So Voltaire pointed out in La Beguele.
Nowhere is this Nirvana Fallacy better illustrated than in government policy and its consequent unintended consequences.
What got me thinking about this was this story. It’s a heartwarming report on the Church donating $1.5 million to help relocate a homeless shelter in Ogden. The Church spokesman rightly notes that the Church welfare system is not unusually adept at providing housing and supporting community homeless shelters is more effective. All good so far as it goes.
But the article contains this disquieting note:
Godfrey sat with Cheydene Hudspeth, a mother of eight children who has been living at the shelter since May 20.
Godfrey referred to Hudspeth during the ceremony as someone who is typical of the problems St. Anne’s faces these days.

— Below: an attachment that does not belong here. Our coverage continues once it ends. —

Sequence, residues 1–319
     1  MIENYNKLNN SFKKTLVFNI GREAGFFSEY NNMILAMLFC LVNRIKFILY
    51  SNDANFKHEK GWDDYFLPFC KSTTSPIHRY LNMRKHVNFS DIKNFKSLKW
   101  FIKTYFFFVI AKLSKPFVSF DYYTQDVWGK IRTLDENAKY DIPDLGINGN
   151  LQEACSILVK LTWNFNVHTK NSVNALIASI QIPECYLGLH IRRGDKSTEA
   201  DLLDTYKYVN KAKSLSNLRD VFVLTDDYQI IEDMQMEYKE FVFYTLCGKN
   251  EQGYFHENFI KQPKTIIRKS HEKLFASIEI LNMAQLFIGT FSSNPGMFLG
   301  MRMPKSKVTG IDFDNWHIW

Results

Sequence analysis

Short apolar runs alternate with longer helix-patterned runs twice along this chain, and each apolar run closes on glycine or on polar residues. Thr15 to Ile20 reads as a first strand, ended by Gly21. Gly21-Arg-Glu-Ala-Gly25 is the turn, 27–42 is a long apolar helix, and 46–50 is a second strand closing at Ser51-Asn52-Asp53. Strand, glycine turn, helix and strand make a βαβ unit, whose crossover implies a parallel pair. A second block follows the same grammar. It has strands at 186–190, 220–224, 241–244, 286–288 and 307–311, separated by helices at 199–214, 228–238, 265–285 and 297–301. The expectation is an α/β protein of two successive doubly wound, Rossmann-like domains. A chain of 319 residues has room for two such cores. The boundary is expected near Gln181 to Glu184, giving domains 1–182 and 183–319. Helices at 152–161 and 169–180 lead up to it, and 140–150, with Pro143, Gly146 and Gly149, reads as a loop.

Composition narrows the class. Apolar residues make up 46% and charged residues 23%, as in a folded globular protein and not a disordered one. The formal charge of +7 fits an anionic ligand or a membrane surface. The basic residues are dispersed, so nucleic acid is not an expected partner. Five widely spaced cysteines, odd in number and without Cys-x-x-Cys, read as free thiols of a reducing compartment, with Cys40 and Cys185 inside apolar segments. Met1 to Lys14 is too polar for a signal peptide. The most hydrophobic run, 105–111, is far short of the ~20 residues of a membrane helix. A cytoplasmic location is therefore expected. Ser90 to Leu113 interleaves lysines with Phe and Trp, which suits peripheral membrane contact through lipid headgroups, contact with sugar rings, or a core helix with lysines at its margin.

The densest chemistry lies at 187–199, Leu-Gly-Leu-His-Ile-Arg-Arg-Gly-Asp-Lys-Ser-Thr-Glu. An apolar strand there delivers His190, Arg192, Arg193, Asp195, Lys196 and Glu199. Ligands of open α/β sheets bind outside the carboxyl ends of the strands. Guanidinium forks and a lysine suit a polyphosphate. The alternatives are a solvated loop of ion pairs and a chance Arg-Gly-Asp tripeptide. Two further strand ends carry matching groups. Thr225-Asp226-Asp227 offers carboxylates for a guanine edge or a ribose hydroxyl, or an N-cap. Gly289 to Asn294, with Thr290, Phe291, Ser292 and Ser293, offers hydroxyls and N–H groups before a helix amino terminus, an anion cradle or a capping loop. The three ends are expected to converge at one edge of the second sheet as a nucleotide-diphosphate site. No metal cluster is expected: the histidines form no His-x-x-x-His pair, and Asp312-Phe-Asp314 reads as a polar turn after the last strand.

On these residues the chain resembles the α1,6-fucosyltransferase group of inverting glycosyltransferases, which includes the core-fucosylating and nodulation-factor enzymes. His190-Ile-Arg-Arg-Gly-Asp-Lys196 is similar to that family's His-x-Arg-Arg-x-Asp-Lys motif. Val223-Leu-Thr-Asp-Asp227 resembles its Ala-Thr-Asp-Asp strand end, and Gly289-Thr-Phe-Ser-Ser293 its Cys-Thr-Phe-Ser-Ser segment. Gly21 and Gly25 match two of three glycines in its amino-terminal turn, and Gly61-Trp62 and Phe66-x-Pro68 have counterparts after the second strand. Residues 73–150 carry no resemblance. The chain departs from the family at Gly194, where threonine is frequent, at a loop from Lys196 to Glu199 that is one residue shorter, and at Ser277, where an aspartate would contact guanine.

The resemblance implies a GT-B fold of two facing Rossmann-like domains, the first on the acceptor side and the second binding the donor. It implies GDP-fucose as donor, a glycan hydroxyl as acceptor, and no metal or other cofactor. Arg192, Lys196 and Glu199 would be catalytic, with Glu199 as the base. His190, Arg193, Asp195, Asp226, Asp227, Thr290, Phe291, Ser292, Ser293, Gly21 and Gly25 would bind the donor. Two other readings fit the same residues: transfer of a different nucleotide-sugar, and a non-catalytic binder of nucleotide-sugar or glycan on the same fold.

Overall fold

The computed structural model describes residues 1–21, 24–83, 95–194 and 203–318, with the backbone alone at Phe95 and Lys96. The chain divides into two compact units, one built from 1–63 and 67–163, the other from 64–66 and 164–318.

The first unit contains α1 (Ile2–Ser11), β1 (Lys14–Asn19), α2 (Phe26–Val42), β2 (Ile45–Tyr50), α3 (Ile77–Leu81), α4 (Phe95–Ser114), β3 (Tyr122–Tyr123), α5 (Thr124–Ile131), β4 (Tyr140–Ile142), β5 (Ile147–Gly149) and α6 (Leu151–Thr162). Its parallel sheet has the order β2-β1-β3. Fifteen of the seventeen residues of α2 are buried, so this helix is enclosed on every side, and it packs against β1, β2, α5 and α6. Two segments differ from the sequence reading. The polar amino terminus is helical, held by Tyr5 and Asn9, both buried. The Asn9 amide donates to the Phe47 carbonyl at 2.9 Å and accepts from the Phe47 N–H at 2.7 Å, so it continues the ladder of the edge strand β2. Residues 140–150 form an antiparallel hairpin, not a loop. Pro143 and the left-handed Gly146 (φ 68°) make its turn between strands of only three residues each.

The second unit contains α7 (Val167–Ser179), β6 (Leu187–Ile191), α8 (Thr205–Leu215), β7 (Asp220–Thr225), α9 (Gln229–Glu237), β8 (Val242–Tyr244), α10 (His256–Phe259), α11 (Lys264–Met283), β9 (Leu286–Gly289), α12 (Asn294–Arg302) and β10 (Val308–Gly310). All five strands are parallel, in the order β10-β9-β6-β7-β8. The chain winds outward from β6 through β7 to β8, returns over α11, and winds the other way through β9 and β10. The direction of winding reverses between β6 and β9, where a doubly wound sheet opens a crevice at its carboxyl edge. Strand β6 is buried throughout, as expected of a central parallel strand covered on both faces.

Allan Heiskanen, a member of St. Anne’s board of directors, said Hudspeth has been in the shelter so long because federal housing requirements say she has to be put in a home with at least five bedrooms.
“Well, five-bedroom rental units don’t exist,” he said, “so what do you do?”
Five bedrooms for a family of eight would be best, so the government prohibits the mere good of putting the family in a smaller rental for the time being.
My own limited experience with administering the Church’s welfare program is that the government was sometimes the biggest obstacle to doing welfare right.